And now, the individuals on the perimeter, broken down, in overall SEC play. As you might expect, one player seems affected by it more than others. Namely, the guy who shoots the most and whose long-distance marksmanship is the team’s best antidote for a zone defense.
1st Half 2nd Half
Michael Frazier 9-37 (.243) 22-49 (.445)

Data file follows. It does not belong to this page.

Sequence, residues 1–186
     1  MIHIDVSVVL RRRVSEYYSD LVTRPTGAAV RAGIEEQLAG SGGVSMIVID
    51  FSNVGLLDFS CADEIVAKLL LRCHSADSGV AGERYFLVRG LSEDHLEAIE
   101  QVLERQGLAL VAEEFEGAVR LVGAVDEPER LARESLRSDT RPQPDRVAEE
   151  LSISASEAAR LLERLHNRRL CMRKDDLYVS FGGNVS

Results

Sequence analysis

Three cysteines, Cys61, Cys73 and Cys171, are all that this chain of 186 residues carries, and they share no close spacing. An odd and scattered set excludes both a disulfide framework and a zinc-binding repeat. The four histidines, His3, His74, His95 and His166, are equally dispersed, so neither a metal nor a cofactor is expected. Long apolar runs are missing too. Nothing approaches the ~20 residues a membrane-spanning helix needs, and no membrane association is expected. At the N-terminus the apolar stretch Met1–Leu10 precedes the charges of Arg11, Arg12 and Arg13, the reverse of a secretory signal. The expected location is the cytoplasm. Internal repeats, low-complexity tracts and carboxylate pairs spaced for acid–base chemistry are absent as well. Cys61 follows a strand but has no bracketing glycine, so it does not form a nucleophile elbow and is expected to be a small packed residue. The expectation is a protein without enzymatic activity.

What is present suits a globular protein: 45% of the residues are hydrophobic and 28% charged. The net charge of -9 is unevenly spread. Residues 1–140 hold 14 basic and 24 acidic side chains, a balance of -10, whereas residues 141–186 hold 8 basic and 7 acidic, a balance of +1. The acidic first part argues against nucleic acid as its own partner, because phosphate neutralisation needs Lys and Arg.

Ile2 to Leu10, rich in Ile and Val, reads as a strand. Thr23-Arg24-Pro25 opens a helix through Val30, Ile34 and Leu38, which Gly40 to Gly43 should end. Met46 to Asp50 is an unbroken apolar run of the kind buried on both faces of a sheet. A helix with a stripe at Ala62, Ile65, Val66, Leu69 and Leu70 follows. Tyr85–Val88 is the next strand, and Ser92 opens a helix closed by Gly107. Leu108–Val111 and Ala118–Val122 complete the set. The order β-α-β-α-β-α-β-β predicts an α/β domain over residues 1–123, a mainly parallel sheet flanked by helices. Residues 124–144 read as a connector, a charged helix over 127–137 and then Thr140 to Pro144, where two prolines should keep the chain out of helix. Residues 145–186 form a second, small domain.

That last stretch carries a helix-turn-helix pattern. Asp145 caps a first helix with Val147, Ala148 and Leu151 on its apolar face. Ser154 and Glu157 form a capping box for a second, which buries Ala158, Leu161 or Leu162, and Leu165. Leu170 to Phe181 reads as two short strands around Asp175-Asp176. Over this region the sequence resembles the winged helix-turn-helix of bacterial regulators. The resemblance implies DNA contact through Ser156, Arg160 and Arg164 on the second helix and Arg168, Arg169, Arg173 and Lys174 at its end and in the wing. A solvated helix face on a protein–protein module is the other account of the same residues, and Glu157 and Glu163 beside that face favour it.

Scottie Wilbekin 7-24 (.292) 11-20 (.555)
Dorian Finney-Smith 6-21 (.286) 4-15 (.266)
Kasey Hill 0-8 (.000) 2-6 (.333)
Here's the same guys when playing SEC teams at the O’Dome.
1st Half 2nd Half
Michael Frazier 4-20 (.200) 16-35 (.457)
Scottie Wilbekin 4-16 (.250) 8-11 (.727)
Dorian Finney-Smith 1-11 (.100) 3-8 (.375)
Kasey Hill 0-6 (.090) 1-4 (.250)
Conclusion: Just plain weird.
IRREVERANT GATOR PHOTO